AL MVP--Miguel Cabrera
Chris Davis has been ridiculous, but it's Cabrera who leads most of baseball's offensive categories including runs, hits, RBI, batting average, OBP, OPS, and OPS+. He also has the most bWAR in the Junior Circuit, which was not the case when he won the award last year. If Davis gets hurt and/or endures a prolonged power outage, Miggy's going to cruise to another Triple Crown.
AL Cy Young--Felix Hernandez
Tough call between King Felix and Max Scherzer, but I'll side with Hernandez, who's pacing the Junior Circuit in ERA, innings pitched, and bWAR for pitchers. That combination of quality and quantity make him the favorite in my book.
AL Rookie of the Year--Jose Iglesias
A weak rookie class in the American League has allowed Boston's 23 year-old shortstop to jump to the front of the pack. The slick-fielding Iglesias has paired stellar defense with a .367 batting average through just under 200 plate appearances this season. Granted, that batting average is both empty (just one home run) and a mirage (a byproduct of his inflated .414 BABiP), but his ability to leg out infield hits should keep his batting average north of .300.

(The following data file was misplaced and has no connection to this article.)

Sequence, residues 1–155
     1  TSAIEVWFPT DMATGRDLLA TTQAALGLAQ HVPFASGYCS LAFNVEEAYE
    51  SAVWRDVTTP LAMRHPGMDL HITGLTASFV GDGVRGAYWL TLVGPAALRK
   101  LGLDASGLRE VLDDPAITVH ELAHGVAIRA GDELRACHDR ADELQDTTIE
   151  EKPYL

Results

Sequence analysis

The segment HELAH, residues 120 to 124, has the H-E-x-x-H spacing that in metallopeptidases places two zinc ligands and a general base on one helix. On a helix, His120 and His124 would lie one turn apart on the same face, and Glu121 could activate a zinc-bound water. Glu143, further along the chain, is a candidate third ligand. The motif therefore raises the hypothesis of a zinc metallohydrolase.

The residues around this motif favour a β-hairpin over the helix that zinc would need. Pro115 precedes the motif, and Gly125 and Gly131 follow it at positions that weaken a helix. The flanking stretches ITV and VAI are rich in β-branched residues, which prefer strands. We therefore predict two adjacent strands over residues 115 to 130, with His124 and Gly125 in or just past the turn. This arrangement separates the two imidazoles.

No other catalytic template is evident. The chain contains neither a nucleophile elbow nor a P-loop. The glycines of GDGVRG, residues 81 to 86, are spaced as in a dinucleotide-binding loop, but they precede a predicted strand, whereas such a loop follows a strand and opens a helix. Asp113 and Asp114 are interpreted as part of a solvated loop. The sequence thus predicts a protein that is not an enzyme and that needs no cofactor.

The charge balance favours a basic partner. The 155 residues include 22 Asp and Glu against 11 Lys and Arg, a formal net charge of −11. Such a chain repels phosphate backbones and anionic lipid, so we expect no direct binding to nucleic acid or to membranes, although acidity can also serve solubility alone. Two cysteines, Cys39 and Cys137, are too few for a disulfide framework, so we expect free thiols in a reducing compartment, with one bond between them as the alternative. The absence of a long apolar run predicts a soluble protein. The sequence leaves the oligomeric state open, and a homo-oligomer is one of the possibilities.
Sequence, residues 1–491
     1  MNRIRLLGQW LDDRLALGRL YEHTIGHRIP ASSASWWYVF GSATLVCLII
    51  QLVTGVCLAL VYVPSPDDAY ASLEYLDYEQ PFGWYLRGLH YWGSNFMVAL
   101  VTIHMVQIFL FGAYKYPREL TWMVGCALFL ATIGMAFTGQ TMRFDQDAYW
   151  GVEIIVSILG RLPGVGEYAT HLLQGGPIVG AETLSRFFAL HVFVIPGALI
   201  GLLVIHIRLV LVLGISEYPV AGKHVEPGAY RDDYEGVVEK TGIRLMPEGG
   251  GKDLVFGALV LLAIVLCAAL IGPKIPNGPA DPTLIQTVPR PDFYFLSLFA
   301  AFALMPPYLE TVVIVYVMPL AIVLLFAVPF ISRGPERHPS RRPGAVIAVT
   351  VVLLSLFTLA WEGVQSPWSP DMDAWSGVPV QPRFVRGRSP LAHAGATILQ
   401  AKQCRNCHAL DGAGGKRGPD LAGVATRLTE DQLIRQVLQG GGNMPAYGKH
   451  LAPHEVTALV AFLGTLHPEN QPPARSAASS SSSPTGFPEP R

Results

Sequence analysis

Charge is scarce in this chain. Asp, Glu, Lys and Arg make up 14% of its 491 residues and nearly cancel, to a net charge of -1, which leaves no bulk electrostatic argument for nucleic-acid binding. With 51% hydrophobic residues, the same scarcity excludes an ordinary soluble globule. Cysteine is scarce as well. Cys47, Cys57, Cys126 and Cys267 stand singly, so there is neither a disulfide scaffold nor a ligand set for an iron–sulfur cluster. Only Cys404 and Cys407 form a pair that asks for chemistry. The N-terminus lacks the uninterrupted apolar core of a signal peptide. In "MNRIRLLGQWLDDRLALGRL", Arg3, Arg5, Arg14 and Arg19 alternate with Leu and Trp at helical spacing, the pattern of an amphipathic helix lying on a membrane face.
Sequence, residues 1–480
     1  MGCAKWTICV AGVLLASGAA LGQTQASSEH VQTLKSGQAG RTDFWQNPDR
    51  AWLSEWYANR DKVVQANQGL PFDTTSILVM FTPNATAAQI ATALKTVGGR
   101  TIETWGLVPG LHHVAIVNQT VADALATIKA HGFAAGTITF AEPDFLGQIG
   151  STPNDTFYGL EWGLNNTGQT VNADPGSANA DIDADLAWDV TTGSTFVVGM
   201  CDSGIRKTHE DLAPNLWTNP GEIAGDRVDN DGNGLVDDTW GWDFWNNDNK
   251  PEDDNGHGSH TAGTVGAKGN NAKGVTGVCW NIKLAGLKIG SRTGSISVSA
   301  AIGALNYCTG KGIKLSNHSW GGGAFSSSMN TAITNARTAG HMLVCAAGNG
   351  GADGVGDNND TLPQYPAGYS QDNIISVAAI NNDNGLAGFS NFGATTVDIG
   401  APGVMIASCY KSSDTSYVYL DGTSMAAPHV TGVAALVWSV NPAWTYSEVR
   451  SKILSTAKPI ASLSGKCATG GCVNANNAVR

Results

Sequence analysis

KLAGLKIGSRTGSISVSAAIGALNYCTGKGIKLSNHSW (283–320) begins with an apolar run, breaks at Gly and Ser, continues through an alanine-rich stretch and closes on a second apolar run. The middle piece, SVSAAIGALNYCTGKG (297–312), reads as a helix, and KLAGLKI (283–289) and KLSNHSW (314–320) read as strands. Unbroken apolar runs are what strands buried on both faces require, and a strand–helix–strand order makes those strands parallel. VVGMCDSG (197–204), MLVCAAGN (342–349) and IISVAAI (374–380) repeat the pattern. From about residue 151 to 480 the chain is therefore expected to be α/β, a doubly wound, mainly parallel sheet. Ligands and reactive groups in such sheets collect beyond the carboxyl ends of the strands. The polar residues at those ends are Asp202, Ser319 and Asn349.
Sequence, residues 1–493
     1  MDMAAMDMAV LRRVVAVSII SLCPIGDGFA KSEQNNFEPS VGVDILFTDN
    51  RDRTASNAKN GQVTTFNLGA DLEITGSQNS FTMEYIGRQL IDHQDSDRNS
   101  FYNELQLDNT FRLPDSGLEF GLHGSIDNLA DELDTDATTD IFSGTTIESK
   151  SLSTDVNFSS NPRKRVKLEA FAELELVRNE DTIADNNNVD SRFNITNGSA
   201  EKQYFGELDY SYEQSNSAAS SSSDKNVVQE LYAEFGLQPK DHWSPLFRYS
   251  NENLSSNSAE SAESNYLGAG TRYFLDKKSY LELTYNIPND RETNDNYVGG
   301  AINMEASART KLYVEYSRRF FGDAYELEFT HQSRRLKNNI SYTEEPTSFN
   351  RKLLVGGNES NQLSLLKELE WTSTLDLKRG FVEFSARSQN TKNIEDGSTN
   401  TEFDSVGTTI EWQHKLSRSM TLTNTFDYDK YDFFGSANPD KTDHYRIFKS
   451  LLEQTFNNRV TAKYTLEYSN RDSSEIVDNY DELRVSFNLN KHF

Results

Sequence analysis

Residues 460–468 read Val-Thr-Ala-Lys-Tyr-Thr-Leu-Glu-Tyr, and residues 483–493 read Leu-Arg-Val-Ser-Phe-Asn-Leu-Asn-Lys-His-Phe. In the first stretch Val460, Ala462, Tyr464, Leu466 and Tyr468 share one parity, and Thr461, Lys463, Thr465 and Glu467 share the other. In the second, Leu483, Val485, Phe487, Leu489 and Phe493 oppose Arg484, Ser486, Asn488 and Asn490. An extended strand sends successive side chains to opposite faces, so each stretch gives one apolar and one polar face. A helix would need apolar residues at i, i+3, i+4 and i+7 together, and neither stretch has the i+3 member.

AL Comeback Player of the Year--Mariano Rivera
This one's a no-brainer. The 43 year-old Rivera rebounded from a torn ACL to reclaim his status as one of the game's premier closers. It's been business as usual for Rivera, who has 30 saves and a 1.83 ERA entering the All-Star Break.
NL MVP--Paul Goldschmidt
Where would the Arizona Diamondbacks be without Goldschmidt, the NL RBI leader and lone force in an otherwise mediocre lineup? Not at the top of their division, that's for sure.
NL Cy Young--Clayton Kershaw
Could easily go with Adam Wainwright or Matt Harvey here, but I'll stick with the 25 year-old southpaw shooting for his second career Cy. Kershaw's having another remarkable season as he leads the majors in ERA, ERA+, WHIP, and lowest H/9. Ignore his 8-6 record and focus on his stellar peripherals instead.
NL Rookie of the Year--Shelby Miller
Yasiel Puig has enjoyed a phenomenal first six weeks to his big league career, but let's see if he can keep producing at a high level through the rest of the summer before handing him the hardware. For now it belongs to Miller, who posted a 2.92 ERA, 1.12 WHIP and 9.6 K/9 rate in the first half.
NL Comeback Player of the Year--Chase Utley
At 34, Utley isn't the elite player he was five year ago, but his age hasn't stopped him from bouncing back from three straight injury plagued campaigns. Despite missing a month of action he's already been worth three wins above replacement thanks to his steady defense and power resurgence --his .220 ISO is the highest it's been since 2009. He's been great on a per-game basis and, health permitting, should be able to finish with strong all-around numbers.